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By Joseph Glantz


Napolean Bonaparte
​Napoleon Bonaparte was born August 15, 1769 in the town of Ajaccio on Corsica, France and died on May 5, 1821 on the island of St. Helena after being imprisoned by the British. A general in the French Revolution he became Emperor of France, staging military victories against Europe until his invasion of Russia failed and he ultimately met his Waterloo in 1815. Civilly, he is best known for his Napoleonic Code, a blueprint for French Government and a model for the “rule of law” throughout the world.
Let’s get right to it. You started out as a democrat and ended up a despot.

 How would you define each? Let’s start with the first, democracy.
The life of a citizen is the property of his country. (Political Aphorisms, Moral and Philosophical Thoughts; 1848 - known as Maxims of Napoleon)

And being a Despot?
Greatness is nothing unless it be lasting. (Maxims of Napoleon)

Morality has nothing to do with such a man as I am.
(As quoted in The Story of World Progress (1922) by Willis Mason West, p. 433)

What caused the transition?
Those who are free from common prejudices acquire others
(Memoirs of Napoleon)

Let’s explore this further? What is the essence of a nation?
A form of government that is not the result of a long sequence of shared experiences, efforts, and endeavors can never take root. (Statement (1803) as quoted in The Mind of Napoleon (1955) by J. Christopher Herold)

And the key to success for a nation?
Unite for the public safety, if you would remain an independent nation. 
(Proclamation to the French People. 22 June 1815)

And the key for governing a nation?
A constitution should be framed so as not to impede the action of government, nor force the government to its violation. (Maxims of Napoleon)

Your view of the monarchy?
More glorious to merit a sceptre than to possess one. (Memoirs of Napoleon)

Again, what changed?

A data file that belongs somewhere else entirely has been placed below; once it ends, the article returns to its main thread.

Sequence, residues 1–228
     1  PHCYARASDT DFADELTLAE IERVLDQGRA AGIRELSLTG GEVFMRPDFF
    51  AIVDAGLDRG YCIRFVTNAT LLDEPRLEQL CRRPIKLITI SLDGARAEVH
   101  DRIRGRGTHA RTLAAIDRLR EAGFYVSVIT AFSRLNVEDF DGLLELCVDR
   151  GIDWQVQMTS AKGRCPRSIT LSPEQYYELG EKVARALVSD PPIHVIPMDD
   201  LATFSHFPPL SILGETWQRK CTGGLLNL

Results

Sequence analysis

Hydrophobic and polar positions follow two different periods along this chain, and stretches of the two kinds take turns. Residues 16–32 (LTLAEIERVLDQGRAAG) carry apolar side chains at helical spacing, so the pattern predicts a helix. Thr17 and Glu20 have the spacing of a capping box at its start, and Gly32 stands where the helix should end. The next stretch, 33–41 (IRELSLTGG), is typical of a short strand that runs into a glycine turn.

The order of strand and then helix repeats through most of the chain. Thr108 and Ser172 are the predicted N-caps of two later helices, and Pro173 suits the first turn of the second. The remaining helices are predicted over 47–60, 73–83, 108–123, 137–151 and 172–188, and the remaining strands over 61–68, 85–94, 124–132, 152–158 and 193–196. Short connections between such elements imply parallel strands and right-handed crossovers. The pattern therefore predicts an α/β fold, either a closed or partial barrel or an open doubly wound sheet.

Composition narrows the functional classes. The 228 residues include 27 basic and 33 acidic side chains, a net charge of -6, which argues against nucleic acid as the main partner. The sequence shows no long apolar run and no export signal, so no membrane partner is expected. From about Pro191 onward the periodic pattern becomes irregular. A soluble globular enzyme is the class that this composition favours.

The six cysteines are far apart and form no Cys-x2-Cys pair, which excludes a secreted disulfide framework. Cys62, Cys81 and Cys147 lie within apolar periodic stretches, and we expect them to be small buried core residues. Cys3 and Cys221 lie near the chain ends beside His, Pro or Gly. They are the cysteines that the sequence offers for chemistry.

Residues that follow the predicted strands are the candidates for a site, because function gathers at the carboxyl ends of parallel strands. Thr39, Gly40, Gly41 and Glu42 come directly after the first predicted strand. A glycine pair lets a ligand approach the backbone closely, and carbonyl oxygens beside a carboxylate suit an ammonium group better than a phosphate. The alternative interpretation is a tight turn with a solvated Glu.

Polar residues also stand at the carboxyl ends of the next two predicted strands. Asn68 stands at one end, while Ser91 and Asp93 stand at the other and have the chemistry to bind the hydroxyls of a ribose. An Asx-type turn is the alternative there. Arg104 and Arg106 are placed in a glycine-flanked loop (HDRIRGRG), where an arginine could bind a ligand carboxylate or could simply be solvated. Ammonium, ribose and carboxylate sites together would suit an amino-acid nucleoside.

What is a throne? — a bit of wood gilded and covered in velvet. I am the state— I alone am here the representative of the people. Even if I had done wrong you should not have reproached me in public—people wash their dirty linen at home. France has more need of me than I of France. (Statement to the Senate; 1814 He echoes here the remark attributed to Louis XIV L'état c'est moi ("The State is I" or more commonly: "I am the State.")

How did you rack up all those initial victories?
When you have an enemy in your power, deprive him of the means of ever injuring you. (Maxims of Napoleon)

And the reason you invaded Russia?
'Impossible' n'est pas français. 
'Impossible' is not [in the] French [language]. 
(Letter to General Lemarois (9 July 1813) Variant translation: You write to me that it is impossible; the word is not French)

And your view of Russia's interference in our current elections?
A Government protected by foreigners will never be accepted by a free people. (Maxims of Napoleon)

The hope for those who oppose corruption?
A great people may be killed, but they cannot be intimidated. (Maxims)

Any advice for us writers?
From the sublime to the ridiculous is but a step. (Writing about the retreat from Moscow, in a letter to Abbé du Pradt. 1812)

What do you think of the books that have been written about you?
What then is, generally speaking, the truth of history? A fable agreed upon. (Ascribed to Bernard le Bovier de Fontenelle in Mélanges de Littérature. 1804)

How will you be remembered?
Waterloo will wipe out the memory of my forty victories; but that which nothing can wipe out is my Civil Code. That will live forever. (As quoted in The Story of World Progress (1922) by Willis Mason West, p. 437)

And being famous after you die?
Immortality is the best recollection one leaves. (Memoirs of Napoleon)

Have you learned your lesson. Will you stop from trying to conquer the afterworld? 
'Impossible' n'est pas français. 

Copyright 2016 Joseph Glantz